Art Deco Society of WA president against proposed upgrade of Armadale District Hall

Art Deco Society of WA vice-president Ron Facius and president Vyonne Geneve. Picture: Marcelo Palacios d429437
Art Deco Society of WA vice-president Ron Facius and president Vyonne Geneve. Picture: Marcelo Palacios d429437

THE heritage value of Armadale's 78-year-old district hall would be severely undermined if a planned upgrade went ahead, according to Art Deco Society of WA president Vyonne Geneve.

The City of Armadale is planning a $3.5 million upgrade of the 1936 heritage-listed building to improve its functionality.

The concept plans include enlarging the main hall space by the partial or complete removal of the 1938 mezzanine gallery, adding a new toilet block to the building and upgrading the kitchen, meeting rooms and storage facilities.

Ms Geneve wrote about the Armadale District Hall in her masters thesis and has serious concerns that the hall’s original design and character will be lost.

‘The Armadale District Hall was utilised as one of the earliest 1930s-built picture-going venues,’ she said.

‘I am concerned that this aspect of the building, including the bio box, the ticket box and the 1938-built balcony, remain in the redevelopment and the interpretation of the place as part of the ongoing cinema history of WA.’

New extensions to the hall would be completely out of character with the Jull St Heritage Precinct, she said.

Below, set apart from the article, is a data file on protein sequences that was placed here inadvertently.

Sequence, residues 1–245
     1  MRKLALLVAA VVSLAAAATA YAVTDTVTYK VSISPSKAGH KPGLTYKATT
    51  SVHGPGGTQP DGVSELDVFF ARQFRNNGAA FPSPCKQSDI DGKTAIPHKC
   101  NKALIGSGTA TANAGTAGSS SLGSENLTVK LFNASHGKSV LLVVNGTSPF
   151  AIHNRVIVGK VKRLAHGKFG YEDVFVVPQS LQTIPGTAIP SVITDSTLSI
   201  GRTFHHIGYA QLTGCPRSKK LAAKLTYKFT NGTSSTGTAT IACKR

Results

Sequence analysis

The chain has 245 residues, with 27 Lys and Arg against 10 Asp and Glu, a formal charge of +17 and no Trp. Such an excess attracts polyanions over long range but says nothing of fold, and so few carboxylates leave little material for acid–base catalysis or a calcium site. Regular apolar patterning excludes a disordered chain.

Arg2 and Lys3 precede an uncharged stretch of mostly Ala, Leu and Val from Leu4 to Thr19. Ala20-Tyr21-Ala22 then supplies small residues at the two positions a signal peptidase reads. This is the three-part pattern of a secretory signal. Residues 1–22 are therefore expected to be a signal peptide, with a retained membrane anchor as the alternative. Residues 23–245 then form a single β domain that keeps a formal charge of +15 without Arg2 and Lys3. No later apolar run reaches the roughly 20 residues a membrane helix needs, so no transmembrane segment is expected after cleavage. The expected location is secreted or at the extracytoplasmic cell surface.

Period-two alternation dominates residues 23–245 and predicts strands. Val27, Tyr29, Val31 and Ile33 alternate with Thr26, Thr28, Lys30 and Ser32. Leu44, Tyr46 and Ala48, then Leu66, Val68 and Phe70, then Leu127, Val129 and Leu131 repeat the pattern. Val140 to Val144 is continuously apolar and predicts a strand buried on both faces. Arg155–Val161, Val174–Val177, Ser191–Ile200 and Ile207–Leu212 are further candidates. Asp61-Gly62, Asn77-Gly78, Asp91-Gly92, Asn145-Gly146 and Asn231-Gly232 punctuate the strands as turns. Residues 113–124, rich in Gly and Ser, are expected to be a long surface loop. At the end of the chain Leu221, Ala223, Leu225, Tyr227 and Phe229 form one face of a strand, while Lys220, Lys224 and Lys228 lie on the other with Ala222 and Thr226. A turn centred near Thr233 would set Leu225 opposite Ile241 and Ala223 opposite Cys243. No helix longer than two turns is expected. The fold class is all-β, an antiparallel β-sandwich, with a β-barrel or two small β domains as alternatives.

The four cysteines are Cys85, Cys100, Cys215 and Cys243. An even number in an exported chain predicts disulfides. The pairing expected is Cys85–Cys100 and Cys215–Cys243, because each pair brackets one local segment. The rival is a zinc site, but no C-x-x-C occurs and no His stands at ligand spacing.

Ms Geneve also raised concerns about what she claimed was a lack of independence in the heritage assessment process.

‘The fact that the architects are now responsible for the proposed development and apparently the heritage impact statement suggests that there is no indication of the required independent heritage professional involvement.’

City of Armadale chief executive Ray Tame said the final design would be a balanced representation of its two guiding principles of respecting the heritage values of the building and ensuring the upgraded hall was functional and well used for generations to come.

‘The City is working closely with the Heritage Council of WA to ensure that any proposed changes fulfil heritage requirements,’ he said.

‘While the final design may or may not include removal of the gallery (1938 mezzanine gallery), the City has been advised by the Heritage Council that the current concept, which includes removal of the gallery, does comply with their requirements.’

Mr Tame said independent heritage oversight was critical and was undertaken by the Heritage Council of WA.

‘It is normal for well-respected heritage architects to undertake the work that is subsequently submitted to the Heritage Council,’ he said.